The Schenectady City Council has called for a public hearing
on rescinding the 1969 ordinance which established the Woodlawn
Preserve on Monday, July 14 at 7:30 at Schenectady City Hall,
Jay Street, Schenectady.
Members of the public are allowed three minutes each to speak
at the public hearing. Speakers are carefully timed by the Council,
to ensure that everyone gets their fair chance to speak.
City Council members have expressed interest in hearing from
residents of Schenectady on this issue. People are welcome to
attend the hearing to show their support for preserving Woodlawn.
Not everyone needs to speak.
At the last City Council Planning and Development Committee
meeting, the Committee called for other development proposals
for the Woodlawn Preserve. Save the Pine Bush (SPB) submitted
a proposal for preservation of the Woodlawn Preserve as a passive
park and preserve area.
In its proposal, Save the Pine Bush described the Woodlawn Area
as inappropriate for development due to the historical globally-rare
natural community called the Pine Bush and wetlands that exist
there. The low areas of the property are sensitive wetlands
and the high areas (or upland) are historically known as a pitch-pine
scrub oak natural community. In addition to the rare natural
community and wetlands, the Pine Bush is home to several rare
species that depend on this type of natural community for their
Furthermore, the long-term viability and existence of the species
that occupy the Pine Bush natural community and wetlands are
dependent on large tracts of unbroken habitat. The existence
of a parcel of this size in Albany or Schenectady Counties is
very rare. In addition, the Woodlawn area is located in close
proximity to protected lands that are part of the Albany Pine
Bush Preserve. The Albany Pine Bush Preserve Commission has
spent decades of effort and millions of dollars to actively
acquire remaining parcels of Pine Bush in Albany County.
SPB asked that the City of Schenectady seek partnerships with
groups with expertise in maintaining this habit.
The preservation proposal cited the Schenectady County Environmental
Advisory Council Plan for Preservation of the Woodlawn Area
and the fact that the Town of Niskayuna also has made recommendations
for preserving the portion of property adjacent to the City
of Schenectady’s property.
There are many advantages to city residents to preserve the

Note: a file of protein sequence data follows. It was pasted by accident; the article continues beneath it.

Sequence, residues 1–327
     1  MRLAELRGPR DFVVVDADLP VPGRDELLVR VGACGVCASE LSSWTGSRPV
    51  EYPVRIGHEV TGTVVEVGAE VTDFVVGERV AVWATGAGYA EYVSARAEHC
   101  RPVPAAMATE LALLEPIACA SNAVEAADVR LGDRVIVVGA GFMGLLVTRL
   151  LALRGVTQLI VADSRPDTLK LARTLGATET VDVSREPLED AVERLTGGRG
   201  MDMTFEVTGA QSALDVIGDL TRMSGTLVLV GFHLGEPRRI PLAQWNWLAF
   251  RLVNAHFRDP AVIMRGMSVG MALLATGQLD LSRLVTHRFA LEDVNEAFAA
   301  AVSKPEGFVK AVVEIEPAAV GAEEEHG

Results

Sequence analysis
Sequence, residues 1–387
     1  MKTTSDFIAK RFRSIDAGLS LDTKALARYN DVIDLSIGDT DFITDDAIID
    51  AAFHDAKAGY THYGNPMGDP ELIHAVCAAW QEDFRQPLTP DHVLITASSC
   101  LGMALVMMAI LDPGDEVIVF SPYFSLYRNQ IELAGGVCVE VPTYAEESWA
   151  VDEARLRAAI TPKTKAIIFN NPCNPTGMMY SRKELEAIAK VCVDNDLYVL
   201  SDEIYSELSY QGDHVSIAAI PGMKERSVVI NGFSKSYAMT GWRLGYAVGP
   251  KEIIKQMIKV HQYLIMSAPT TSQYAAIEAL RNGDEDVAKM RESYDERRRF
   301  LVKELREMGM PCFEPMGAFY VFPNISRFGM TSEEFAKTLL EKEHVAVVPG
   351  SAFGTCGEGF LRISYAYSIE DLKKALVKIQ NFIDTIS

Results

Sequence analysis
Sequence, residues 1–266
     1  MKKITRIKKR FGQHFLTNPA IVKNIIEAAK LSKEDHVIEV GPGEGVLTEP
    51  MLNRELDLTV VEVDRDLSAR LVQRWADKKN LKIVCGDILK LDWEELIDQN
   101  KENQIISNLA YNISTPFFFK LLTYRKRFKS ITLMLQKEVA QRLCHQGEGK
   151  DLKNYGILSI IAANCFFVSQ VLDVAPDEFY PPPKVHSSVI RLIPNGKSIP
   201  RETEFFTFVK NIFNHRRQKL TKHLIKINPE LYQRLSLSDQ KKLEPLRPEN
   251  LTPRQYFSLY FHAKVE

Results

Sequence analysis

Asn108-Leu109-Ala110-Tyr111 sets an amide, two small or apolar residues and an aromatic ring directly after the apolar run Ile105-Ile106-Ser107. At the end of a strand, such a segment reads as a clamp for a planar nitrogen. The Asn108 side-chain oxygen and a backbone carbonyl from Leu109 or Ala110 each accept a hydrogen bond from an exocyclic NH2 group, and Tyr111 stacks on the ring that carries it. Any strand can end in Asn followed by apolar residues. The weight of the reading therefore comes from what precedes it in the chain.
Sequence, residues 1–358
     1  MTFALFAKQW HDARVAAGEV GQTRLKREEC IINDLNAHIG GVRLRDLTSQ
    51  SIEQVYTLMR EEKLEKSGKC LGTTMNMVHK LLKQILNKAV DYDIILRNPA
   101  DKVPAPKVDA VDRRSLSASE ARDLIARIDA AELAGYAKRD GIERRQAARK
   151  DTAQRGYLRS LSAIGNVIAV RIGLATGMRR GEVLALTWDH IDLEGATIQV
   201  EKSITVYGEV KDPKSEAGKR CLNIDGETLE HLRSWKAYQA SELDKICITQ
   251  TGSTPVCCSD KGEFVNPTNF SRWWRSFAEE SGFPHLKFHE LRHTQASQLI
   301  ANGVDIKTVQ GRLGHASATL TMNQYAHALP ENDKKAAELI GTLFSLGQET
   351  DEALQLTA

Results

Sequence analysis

Woodlawn Area, as cited in the preservation proposal.
The Woodlawn Preserve could be an outdoor classroom for education
and research for City schools and universities. It has some
of the largest sand dunes found in the Pine Bush. The area is
one of the most biologically diverse areas found in Schenectady
County because of the combination of swamp, open wetlands, water
bodies and dune vegetation.
People like to live near amenities such as maintained nature
preserves. The demand for residences near open space raises
local property values, thereby raising taxes for the City.
If maintained as a nature preserve, the City residents would
have access to outdoor educational and recreational opportunities.
The Woodlawn Area is in close proximity to the Albany Pine Bush
Preserve found to the east. The vision for the area is to link
Woodlawn to nearby preserve lands to create a recreational greenway
that would lead all the way to Rensselaer Lake in Albany. Furthermore,
there is an effort to connect the Albany Pine Bush to other
Greenways, which would give Schenectady residents a link to
the Pine Bush and beyond.
In 1969, the City of Schenectady designated this area as Preserve.
The City is in a unique position of owning Pine Bush land. Other
municipalities and the State of New York have spent millions
of dollars to acquire Pine Bush land for preservation. Adding
the Woodlawn Area to the Pine Bush Preserve would help to create
a viable Pine Bush Preserve.
For a project of this magnitude, the City of Schenectady needs
to follow the State Environmental Quality Review Act (SEQRA),
which could be quite expensive. Prior to rescinding the 1969
ordinance which set this land aside for public purposes, the
City must prepare an Environmental Impact Statement.
Also, at least two wetlands permits have been issued for this
area. One required the City to prepare and Environmental Impact
Statement for this area to “assure that development will
not occur in a piece meal fashion. . .” The other permit
was issued to the City of Schenectady and reviews special requirements
to take care of the Pine Bush ecosystem and the Karner Blue
butterfly. The City Council will need to determine if the requirements
were met, and how any future development will impact the area.
SPB urged the City Council to consider the proposal to permanently
protect this land from development, make it part of the Pine
Bush Preserve, and make it available for all residents to enjoy
as a passive park and preserve area.
Save the Pine Bush urges you, the reader, to attend the Public
Hearing on July 14.